How many people does it take to colonize another star system?

Popular Mechanics:

Back in 2002, John Moore, an anthropologist at the University of Florida, calculated that a starship could leave Earth with 150 passengers on a 2000-year pilgrimage to another solar system, and upon arrival, the descendants of the original crew could colonize a new world there—as long as everyone was careful not to inbreed along the way.

It was a valiant attempt to solve a thorny question about the future of humans in space. The nearest star systems—such as our nearest neighbor, Proxima Centauri, which is 4.2 light-years from home—are so far that reaching them would require a generational starship. Entire generations of people would be born, live, and die before the ship reached its destination. This brings up the question of how many people you need to send on a hypothetical interstellar mission to sustain sufficient genetic diversity. And a new study sets the bar much higher than Moore’s 150 people.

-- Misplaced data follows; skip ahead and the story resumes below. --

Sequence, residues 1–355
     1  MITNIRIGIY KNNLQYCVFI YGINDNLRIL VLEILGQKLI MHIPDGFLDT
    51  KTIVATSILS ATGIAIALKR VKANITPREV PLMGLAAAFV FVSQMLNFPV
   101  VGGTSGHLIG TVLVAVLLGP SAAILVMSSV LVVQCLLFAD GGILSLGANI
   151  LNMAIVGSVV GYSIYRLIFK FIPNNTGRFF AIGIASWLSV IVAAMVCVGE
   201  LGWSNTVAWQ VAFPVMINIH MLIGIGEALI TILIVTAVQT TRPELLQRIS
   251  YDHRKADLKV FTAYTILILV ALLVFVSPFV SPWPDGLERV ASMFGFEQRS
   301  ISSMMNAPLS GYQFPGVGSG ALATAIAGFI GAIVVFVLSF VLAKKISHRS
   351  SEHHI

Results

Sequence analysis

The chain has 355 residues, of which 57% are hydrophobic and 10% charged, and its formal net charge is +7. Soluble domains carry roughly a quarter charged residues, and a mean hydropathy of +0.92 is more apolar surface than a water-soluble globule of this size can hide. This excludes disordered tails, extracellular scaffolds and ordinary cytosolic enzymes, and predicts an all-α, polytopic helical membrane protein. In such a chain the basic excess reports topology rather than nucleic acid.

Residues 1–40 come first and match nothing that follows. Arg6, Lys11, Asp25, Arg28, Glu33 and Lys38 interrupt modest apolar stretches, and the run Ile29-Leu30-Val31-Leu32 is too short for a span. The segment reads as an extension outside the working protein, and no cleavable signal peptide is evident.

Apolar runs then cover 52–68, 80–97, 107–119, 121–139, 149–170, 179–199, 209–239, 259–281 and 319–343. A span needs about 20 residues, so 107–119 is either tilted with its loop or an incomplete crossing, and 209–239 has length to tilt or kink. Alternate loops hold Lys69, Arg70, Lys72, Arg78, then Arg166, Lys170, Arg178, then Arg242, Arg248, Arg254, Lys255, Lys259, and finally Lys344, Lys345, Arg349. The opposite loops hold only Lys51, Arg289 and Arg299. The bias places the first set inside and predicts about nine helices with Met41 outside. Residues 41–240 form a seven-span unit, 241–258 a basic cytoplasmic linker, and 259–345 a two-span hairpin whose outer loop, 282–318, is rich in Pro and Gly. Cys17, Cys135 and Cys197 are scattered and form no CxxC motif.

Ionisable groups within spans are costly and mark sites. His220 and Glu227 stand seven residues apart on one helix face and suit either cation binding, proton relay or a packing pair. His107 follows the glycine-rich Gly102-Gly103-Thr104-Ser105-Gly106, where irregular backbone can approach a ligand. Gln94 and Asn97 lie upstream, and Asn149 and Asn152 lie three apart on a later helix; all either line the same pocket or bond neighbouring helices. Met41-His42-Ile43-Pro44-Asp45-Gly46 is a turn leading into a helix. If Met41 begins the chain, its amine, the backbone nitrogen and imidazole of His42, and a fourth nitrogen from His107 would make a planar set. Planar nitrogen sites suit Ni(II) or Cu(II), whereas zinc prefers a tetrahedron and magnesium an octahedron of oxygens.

According to Portland State University anthropologist Cameron Smith, any such starship would have to carry a minimum of 10,000 people to secure the success of the endeavor. And a starting population of 40,000 would be even better, in case a large percentage of the population died during during the journey.

Interesting problem. To me, the answer depends on whether one of them is Jean Luc Picard.

  • Evolved

    The Darwinists in that solar system will point to all the evidence around them showing how life had evolved in that system, while the creationists will point to the colonizers …

  • Moeskido

    Generation ships are always a problem. Something always goes wrong midway through the trip, knowledge is lost, and the inhabitants forget they’re on a ship.

  • Kriztyan

    What about a ship that would keep accelerating continuously throughout the voyage until it reached half way, then it would decelerate until reaching it’s destination. Would this not make the voyage a lot shorter if your were to accelerate next to light speed? Would you not need a lot less people then? I guess the trick would be to device continues impulse in space.

    • Dennis Madrid

      That would drastically cut down on travel time, but the fuel requirements to run a rocket for the entire trip would be astronomical (not to mention it probably would eventually degrade). We’d need a new propulsion technologies that dramatically reduces the amount or type of fuel needed.

  • CapnVan

    I believe the top commenter over there, Kirk Miller, nailed it: It’s not about the number of people on board. It’s the amount of genetic diversity available.

    We already have frozen embryos. We even have frozen eggs. And we’re quite a ways from a generation ship.

    I’m guessing the problem will not be the number of persons aboard.